Carrie Fisher: Trump’s sniffles ‘absolutely’ from cocaine
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Actress Carrie Fisher says Donald TrumpDonald John TrumpKimberly Guilfoyle reports being asymptomatic and 'feeling really pretty good' after COVID-19 diagnosis Biden says he will rejoin WHO on his first day in office Lincoln Project offers list of GOP senators who 'protect' Trump in new ad MORE’s sniffling during the latest presidential debate stems from cocaine abuse.

Fisher panned Trump’s performance in Sunday’s contest, noting that the billionaire’s tone suggests he would have a dark presidency.

Fisher added that Trump, the Republican presidential nominee, would protect the wealthy as the nation’s next leader.


Trump met Democratic nominee Hillary ClintonHillary Diane Rodham ClintonHillicon Valley: Facebook civil rights audit finds 'serious setbacks' | Facebook takes down Roger Stone-affiliated accounts, pages | State and local officials beg Congress for more elections funds OVERNIGHT ENERGY: Sanders-Biden climate task force calls for carbon-free power by 2035 | Park Police did not record radio transmissions during June 1 sweep of White House protesters | Court upholds protections for Yellowstone grizzly bears GOP Miami mayor does not commit to voting for Trump MORE in their second of three presidential debates late Sunday at Washington University in St. Louis.

The real estate tycoon audibly sniffled during the event, much like he did during his first debate with Clinton late last month.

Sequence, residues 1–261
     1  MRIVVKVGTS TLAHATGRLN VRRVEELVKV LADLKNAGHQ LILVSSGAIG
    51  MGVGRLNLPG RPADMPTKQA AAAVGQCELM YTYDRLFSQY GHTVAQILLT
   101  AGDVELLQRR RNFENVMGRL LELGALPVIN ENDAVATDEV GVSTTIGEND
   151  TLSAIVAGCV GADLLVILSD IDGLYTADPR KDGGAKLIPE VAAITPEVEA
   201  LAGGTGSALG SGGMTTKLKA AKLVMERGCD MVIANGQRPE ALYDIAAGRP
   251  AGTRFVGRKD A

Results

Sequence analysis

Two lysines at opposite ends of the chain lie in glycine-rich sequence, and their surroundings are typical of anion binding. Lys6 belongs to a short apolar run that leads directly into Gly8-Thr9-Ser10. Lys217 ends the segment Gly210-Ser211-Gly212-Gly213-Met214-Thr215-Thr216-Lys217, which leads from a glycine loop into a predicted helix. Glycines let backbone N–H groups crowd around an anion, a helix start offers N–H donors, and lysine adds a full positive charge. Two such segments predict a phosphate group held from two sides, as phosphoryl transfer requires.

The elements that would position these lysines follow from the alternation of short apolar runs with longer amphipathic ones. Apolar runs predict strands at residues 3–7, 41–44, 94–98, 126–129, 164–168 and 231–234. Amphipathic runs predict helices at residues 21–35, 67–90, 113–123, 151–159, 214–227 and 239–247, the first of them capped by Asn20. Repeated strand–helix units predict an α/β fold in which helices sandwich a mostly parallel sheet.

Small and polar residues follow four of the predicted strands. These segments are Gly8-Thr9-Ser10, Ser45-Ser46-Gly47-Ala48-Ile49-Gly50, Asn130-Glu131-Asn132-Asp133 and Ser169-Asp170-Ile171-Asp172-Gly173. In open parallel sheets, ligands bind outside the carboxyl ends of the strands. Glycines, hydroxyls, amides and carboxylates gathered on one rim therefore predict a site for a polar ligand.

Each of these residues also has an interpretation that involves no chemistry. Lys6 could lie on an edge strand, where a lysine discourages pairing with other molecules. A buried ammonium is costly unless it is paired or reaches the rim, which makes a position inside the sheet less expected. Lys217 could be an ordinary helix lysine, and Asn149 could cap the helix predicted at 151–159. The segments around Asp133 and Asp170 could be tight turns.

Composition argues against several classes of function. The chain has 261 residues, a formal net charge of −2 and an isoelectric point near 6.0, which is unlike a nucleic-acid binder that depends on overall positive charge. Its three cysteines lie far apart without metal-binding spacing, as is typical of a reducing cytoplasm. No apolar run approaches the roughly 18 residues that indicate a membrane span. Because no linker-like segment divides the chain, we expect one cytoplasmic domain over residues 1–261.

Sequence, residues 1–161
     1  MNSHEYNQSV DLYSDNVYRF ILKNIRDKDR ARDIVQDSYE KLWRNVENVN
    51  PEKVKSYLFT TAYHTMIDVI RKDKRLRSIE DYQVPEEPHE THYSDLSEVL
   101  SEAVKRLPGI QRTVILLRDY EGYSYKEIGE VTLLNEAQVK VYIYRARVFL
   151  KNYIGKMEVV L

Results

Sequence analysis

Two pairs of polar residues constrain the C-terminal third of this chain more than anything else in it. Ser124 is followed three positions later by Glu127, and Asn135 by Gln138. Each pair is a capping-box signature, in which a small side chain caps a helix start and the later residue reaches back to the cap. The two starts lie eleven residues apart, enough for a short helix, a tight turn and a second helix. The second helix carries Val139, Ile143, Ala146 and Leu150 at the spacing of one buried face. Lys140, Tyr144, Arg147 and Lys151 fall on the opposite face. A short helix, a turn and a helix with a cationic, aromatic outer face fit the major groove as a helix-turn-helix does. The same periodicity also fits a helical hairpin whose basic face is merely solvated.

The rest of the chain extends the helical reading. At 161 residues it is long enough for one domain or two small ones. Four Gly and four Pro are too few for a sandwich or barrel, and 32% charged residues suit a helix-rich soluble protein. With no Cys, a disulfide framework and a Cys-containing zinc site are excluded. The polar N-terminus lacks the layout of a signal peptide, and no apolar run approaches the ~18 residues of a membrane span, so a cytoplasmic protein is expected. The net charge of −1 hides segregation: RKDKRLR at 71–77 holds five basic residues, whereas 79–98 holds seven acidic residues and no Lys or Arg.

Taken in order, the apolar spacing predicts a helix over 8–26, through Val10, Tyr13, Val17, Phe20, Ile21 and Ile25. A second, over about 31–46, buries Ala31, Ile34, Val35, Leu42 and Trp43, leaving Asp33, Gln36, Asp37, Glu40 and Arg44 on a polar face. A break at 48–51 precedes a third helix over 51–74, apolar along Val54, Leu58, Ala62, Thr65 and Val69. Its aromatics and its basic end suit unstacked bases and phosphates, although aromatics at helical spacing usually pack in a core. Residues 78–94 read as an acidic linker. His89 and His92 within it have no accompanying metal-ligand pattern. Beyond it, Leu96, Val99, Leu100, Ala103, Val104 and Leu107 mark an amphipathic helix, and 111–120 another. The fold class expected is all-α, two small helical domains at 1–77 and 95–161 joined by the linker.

Former Gov. Howard Dean (D-Vt.) mentioned cocaine while analyzing Trump’s performance during the Sept. 26 contest at Hofstra University in Hempstead, N.Y.

The former Democratic presidential candidate then doubled down on his insinuation during an MSNBC interview the next day.

“This is actually a signature of people who use cocaine,” he said on Sept. 27.  “I’m not suggesting that Trump does, but I’m suggesting we think about it."

“Because here’s the interesting constellation,” the former doctor added. "He sniffs during the presentation, which is something that users do.

“He also has grandiosity, which is something that accompanies that problem. … It’s something I think it’d be interesting to ask him and see if he ever had a problem with that.”

Trump’s presidential campaign criticized Dean’s commentary in a statement issued Sept. 27.

“On a night where millions of Americans were able to compare and contrast the policies of both candidates, Governor Dean went straight to the gutter and was nothing more than a sad distraction in a desperate attempt to stay relevant.”

Dean ultimately apologized for using “innuendo” against Trump on Sept. 30, adding his remarks were meant to criticize media coverage of the billionaire’s presidential bid.

There is no evidence Trump has ever used cocaine, and the businessman has long insisted he abstains from alcohol and illegal drugs.